HAMLET – neither good nor bad

“There is nothing either good or bad, but thinking makes it so.” 
HAMLET – William Shakespeare39

My grandmother was a wise yet simple farm woman.  She knew how to gather any vegetable from the garden or berry from the woods and cook it into a delicious casserole or jam.  The storage shelves in the cellar were filled each year with mason jars of wonderfully colorful canned vegetables and preserves.  And in her spare time she crafted from scraps of dresses and coats gorgeous quilts or blankets.

I learned from her that a man “is what he eats.”  The foods which a person consumes will ultimately determine the health status of his/her body.  Unfortunately, I strayed from Grandma’s wisdom regarding foods and nutrition as a young adult resulting in various difficulties with the Western culture health epidemics plaguing us today.

I also strayed from the spiritual/life lessons learned from my farming community as a young boy leading to addiction and behavioral patterns which controlled the years when I should have been maturing into a responsible adult.  Living life soberly has been a prolonged process of ‘catching up’ to others who learned their lessons well and pursued G.O.D. – Good Orderly Direction – rather than waste precious years cavorting as a prodigal son in the far country. (see LUKE 15)

Those of us who share these experiences of addictive exile have a choice to make in our recovery years.  The times were neither good nor bad – they simply were.  What we did, the hell we created for others and ourselves cannot be reversed.  The heartaches and pain inflicted on loved ones including ourselves must be accepted as part of the process leading to sobriety.  Today I know with certainty that I was a royal A-hole back then.  However, today I also know that I don’t have to sit in this chair ten years from now looking back and saying, “Damn, what an asshole I was back on September 18, 2019.”

They say that humility is all about acceptance – accepting and reconciling my past, who I was and what I did, but then recognizing who and what I am destined to be as a sober-minded man living a life that doesn’t really belong to me.  It’s a journey with G.O.D.

So, now you ask, “Larry, what does this have to do with Shakespeare and Hamlet?”

Everything, absolutely everything in life is neutral, neither good nor bad.  It is the thinking which you and I attach to ‘everything’ that makes it good or bad.  We have the choice to create the life we want.  My physical pain suffered today from poor habits of eating and addiction years ago is a good thing because I choose to marvel in the complexity of a body which uses pain to remind me that, yes, I am still alive.  The morning leg and knee pain awaken me to a new day saying a prayer of gratitude,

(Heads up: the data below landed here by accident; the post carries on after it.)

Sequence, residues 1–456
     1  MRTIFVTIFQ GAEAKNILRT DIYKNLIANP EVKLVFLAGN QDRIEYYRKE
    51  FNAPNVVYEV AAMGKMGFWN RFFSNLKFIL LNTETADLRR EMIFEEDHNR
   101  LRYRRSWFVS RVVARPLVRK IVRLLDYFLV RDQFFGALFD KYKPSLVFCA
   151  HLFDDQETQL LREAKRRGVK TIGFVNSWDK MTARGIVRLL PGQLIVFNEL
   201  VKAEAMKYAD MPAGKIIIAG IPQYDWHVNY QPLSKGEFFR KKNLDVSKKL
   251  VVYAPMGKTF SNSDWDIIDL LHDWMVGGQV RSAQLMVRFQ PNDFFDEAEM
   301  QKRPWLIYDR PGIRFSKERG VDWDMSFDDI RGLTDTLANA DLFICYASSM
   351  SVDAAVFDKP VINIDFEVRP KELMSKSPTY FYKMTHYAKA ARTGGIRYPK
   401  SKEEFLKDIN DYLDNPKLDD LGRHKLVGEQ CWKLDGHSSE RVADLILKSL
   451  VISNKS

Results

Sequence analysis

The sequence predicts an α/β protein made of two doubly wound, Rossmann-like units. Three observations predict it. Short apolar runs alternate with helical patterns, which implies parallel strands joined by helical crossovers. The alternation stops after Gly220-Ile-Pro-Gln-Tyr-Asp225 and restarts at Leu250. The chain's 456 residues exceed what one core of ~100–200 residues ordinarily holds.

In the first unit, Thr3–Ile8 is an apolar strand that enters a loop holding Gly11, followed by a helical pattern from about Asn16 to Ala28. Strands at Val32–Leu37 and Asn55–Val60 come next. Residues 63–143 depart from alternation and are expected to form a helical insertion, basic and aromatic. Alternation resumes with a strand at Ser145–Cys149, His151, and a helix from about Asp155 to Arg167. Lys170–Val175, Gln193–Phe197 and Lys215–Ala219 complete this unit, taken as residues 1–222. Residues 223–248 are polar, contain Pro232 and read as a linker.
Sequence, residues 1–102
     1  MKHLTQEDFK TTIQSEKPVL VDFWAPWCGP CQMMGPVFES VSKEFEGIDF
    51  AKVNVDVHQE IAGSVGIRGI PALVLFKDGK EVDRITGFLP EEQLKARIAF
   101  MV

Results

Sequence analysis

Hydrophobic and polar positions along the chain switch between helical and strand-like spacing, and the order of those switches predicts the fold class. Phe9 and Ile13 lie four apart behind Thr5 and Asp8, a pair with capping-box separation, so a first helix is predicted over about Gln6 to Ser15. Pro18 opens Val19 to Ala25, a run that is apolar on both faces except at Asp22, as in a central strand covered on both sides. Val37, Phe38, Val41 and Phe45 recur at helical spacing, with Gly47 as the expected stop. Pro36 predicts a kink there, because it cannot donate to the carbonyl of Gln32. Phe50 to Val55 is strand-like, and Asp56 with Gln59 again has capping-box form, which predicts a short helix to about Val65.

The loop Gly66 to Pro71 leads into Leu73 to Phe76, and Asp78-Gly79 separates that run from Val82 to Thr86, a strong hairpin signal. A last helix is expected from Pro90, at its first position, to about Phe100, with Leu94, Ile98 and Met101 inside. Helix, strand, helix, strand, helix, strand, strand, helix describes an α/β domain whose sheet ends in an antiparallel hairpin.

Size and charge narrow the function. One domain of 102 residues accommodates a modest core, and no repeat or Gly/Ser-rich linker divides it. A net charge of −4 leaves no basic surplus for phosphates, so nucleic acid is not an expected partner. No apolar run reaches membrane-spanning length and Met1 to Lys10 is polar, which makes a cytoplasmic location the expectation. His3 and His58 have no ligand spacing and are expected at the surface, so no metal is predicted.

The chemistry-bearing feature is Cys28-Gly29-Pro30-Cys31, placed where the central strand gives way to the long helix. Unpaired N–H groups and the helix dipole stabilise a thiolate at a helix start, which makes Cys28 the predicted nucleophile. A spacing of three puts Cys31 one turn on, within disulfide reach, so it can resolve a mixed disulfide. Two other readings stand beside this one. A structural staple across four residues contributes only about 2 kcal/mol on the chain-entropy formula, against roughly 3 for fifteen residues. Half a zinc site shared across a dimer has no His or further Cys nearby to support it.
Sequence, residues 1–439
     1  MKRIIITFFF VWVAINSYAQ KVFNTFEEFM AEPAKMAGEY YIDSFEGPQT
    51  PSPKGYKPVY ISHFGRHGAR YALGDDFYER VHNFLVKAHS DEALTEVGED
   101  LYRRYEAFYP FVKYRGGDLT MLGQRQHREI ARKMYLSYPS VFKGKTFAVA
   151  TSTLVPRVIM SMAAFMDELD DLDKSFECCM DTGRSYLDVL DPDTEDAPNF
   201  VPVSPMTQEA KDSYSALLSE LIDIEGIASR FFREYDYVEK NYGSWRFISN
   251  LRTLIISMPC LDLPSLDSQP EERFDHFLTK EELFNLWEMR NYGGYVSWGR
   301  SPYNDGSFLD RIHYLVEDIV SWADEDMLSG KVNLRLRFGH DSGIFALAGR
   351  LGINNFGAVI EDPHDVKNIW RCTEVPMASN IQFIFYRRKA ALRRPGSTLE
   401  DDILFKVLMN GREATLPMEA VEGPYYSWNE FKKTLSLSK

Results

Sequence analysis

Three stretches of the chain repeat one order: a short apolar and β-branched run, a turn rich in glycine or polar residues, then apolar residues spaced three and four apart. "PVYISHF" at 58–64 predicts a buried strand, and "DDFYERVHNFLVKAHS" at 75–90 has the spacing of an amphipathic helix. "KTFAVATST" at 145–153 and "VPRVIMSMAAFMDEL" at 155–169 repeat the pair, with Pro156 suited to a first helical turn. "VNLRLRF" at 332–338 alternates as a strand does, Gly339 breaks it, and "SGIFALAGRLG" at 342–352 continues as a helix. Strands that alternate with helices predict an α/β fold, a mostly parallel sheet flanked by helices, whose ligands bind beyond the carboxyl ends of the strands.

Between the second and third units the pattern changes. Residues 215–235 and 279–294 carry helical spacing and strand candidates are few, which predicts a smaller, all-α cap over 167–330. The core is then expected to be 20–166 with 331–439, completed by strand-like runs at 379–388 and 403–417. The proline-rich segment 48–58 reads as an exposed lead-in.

“Thank you Lord for giving me breath and heartbeat.  My leg hurts, my knee hurts, but they still function and, oh, just look at the glorious sunshine awakening me.”

Am I always successful deferring thinking about everything that crosses my radar screen?  Of course not, I continue to be a member of the human race and therefore frequently offer an opinion, good or bad.  But, another tool learned in my recovery journey is the Serenity Prayer,

“God, grant me the serenity to accept the things that I cannot change, courage to change the things I should, and the wisdom to know the difference.”

For me, the wisdom is in knowing when my opinion matters and when it does not.  When should I apply thinking to the never-ending parade of drama in today’s life?  As I process this choice I realize more often than not that my opinion truly does not matter.

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control freak – who, me?

“God grant me the serenity to accept the things I cannot change, courage to change the things I can, wisdom to know the difference.”

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Most of us in recovery are failed control freaks.  Read those words again.  You and I have been miserable failures at controlling our lives. Lord knows we did our damnedest to cajole, manipulate, wheedle, urge or threaten loved ones, family and friends to think and do the ‘right way’ which, of course, was always our way.  I see some of you out there denying it, but let us just take a moment of truthful inventorying our past behavior before claiming innocence.  Yeah, just as I thought.  Guilty as charged!